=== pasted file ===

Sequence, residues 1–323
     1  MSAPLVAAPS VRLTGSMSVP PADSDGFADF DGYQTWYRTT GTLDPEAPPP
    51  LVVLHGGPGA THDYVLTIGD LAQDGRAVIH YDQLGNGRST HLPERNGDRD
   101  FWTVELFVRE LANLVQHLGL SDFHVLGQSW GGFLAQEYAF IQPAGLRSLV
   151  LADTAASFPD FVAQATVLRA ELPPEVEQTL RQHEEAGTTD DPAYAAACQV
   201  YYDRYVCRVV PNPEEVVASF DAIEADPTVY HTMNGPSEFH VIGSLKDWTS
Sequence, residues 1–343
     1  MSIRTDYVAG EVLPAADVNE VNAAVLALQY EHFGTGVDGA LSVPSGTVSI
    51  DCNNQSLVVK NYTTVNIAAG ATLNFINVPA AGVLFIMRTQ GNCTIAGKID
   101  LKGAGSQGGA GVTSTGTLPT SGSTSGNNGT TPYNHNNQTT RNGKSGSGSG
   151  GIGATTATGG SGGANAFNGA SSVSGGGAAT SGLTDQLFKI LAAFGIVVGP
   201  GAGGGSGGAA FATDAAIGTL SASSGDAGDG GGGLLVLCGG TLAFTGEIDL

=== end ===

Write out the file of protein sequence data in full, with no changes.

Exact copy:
Sequence, residues 1–323
     1  MSAPLVAAPS VRLTGSMSVP PADSDGFADF DGYQTWYRTT GTLDPEAPPP
    51  LVVLHGGPGA THDYVLTIGD LAQDGRAVIH YDQLGNGRST HLPERNGDRD
   101  FWTVELFVRE LANLVQHLGL SDFHVLGQSW GGFLAQEYAF IQPAGLRSLV
   151  LADTAASFPD FVAQATVLRA ELPPEVEQTL RQHEEAGTTD DPAYAAACQV
   201  YYDRYVCRVV PNPEEVVASF DAIEADPTVY HTMNGPSEFH VIGSLKDWTS
Sequence, residues 1–343
     1  MSIRTDYVAG EVLPAADVNE VNAAVLALQY EHFGTGVDGA LSVPSGTVSI
    51  DCNNQSLVVK NYTTVNIAAG ATLNFINVPA AGVLFIMRTQ GNCTIAGKID
   101  LKGAGSQGGA GVTSTGTLPT SGSTSGNNGT TPYNHNNQTT RNGKSGSGSG
   151  GIGATTATGG SGGANAFNGA SSVSGGGAAT SGLTDQLFKI LAAFGIVVGP
   201  GAGGGSGGAA FATDAAIGTL SASSGDAGDG GGGLLVLCGG TLAFTGEIDL